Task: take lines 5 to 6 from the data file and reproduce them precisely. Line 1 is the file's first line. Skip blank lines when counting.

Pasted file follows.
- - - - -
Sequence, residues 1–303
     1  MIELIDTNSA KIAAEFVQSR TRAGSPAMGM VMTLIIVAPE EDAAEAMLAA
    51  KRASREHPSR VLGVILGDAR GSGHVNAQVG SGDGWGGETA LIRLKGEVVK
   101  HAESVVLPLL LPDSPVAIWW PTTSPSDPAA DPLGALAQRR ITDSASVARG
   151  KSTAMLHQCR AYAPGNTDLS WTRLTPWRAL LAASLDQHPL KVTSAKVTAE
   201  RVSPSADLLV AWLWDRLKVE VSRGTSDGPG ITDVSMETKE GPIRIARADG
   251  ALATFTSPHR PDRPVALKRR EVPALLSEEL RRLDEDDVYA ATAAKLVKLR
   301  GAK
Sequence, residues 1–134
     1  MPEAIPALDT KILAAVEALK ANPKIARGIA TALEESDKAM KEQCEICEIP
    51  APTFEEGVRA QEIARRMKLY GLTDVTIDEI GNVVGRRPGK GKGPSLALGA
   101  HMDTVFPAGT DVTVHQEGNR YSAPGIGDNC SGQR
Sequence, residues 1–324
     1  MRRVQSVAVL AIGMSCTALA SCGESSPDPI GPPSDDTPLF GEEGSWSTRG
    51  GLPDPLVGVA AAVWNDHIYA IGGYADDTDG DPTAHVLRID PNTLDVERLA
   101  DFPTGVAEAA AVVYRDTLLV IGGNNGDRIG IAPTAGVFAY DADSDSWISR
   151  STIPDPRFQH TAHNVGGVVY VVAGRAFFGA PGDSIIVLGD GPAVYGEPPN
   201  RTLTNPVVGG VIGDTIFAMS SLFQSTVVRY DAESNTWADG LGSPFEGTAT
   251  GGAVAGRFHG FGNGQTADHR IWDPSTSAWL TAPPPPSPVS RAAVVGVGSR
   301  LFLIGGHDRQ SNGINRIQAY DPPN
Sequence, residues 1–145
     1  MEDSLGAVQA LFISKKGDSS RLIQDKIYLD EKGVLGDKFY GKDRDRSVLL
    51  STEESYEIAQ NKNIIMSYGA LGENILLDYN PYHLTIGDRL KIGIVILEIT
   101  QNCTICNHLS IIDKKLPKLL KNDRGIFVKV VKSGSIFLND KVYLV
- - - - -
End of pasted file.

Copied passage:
   151  KSTAMLHQCR AYAPGNTDLS WTRLTPWRAL LAASLDQHPL KVTSAKVTAE
   201  RVSPSADLLV AWLWDRLKVE VSRGTSDGPG ITDVSMETKE GPIRIARADG